Not surprisingly, the contrast between that earlier heady optimism and today’s grimmer reality has led to a serious (and increasingly acrimonious) debate over two closely related questions. What, in retrospect, has caused the failure of so many countries to achieve the advances confidently predicted for them a generation ago? And what should they, and those abroad who sympathize with their plight and seek to help, do now?
Perhaps not since the worldwide depression of the 1930s have so many thinkers attacked a problem from such different perspectives: Have the non-developing economies (to call them that) pursued the wrong domestic policies? Or have they been innocent victims of exploitation by the industrialized world? Is it futile to try to foster economic development without an appropriate social and political infrastructure, including what has come to be called the “rule of law” and perhaps also including political democracy as well? Or do these favorable institutional creations follow only after a sustained improvement in material standards of living is already underway? Would more foreign aid help? Or does direct assistance from abroad only create parallels on a national scale to the “welfare dependency” sometimes alleged in the US, dulling the incentive for countries to undertake difficult but needed reforms? How much blame lies with corruption in the nondeveloping countries’ governments, often including the outright theft by government officials of a large fraction of whatever aid is received? And then there is the most controversial question of all: Is the “culture” of these countries—specifically in contrast to Western culture—simply not conducive to economic success?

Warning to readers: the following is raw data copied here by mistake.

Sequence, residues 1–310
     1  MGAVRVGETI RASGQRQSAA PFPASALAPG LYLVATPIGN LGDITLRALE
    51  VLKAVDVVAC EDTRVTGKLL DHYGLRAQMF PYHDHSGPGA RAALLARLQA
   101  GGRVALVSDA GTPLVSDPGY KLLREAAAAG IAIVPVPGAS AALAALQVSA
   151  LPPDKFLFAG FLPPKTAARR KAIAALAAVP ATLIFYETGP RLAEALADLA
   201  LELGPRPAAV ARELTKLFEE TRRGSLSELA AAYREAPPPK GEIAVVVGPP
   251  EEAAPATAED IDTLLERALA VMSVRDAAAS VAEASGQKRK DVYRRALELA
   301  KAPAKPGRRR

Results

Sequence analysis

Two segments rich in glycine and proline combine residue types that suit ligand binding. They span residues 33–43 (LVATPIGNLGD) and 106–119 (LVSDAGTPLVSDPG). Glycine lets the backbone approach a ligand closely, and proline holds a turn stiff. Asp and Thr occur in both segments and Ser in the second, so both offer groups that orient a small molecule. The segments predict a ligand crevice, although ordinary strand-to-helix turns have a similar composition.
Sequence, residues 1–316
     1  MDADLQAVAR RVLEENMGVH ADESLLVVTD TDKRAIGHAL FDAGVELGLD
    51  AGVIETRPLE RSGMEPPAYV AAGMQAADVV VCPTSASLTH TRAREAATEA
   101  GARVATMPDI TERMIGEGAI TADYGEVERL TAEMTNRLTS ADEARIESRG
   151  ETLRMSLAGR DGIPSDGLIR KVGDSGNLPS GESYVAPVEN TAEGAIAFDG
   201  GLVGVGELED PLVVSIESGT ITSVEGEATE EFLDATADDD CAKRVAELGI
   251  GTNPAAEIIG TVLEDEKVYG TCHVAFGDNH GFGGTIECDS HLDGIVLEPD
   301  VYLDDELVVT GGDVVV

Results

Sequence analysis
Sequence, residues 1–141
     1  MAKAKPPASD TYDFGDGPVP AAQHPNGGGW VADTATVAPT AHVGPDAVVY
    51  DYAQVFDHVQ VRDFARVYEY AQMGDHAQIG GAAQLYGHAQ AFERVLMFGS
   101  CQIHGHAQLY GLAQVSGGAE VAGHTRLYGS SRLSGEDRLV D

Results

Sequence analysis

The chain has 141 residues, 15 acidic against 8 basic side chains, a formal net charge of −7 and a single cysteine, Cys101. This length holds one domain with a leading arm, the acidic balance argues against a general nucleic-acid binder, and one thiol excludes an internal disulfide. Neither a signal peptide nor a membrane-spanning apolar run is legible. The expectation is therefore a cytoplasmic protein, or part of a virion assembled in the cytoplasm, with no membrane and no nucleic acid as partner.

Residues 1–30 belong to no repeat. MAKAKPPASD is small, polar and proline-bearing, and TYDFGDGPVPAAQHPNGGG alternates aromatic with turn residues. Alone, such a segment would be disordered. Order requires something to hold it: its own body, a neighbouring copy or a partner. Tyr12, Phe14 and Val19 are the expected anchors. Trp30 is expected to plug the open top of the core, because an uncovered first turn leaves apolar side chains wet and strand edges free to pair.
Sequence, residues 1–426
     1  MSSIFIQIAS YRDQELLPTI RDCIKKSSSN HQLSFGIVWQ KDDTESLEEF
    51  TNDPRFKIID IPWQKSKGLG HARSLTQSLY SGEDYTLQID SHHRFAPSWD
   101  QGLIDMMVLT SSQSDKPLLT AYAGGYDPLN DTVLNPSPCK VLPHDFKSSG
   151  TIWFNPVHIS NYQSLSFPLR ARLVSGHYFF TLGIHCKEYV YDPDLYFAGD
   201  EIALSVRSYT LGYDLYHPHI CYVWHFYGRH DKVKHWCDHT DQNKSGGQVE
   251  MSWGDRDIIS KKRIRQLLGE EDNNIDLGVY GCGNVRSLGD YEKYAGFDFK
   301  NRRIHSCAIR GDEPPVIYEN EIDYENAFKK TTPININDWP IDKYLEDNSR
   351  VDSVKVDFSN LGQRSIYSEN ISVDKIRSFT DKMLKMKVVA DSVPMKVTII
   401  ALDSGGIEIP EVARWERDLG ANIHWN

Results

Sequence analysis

One important concrete expression of the optimism with which thinking in the industrialized world addressed the challenge of economic development a generation and more ago, before these painful questions became prominent, was the creation of new multinational institutions to further various aspects of the broader development goal. The United Nations spawned a family of sub-units to this end, most prominently the UN Development Program and the UN Conference on Trade and Development. The Food and Agriculture Organization (founded in 1945, but separately from the UN) and the World Health Organization (1948) had more specific mandates. The International Bank for Reconstruction and Development (commonly called the World Bank), established in 1944 mostly to help rebuild war-torn Europe, soon shifted its attention to the developing world once that task was largely completed.
The International Monetary Fund (the IMF, or sometimes just the Fund) was a latecomer to the development field. Established in tandem with the World Bank in 1944, the IMF’s original mission was to preserve stability in international financial markets by helping countries both to make economic adjustments when they encountered an imbalance of international payments and to maintain the value of their currency in what everyone assumed would be a permanent regime of fixed exchange rates.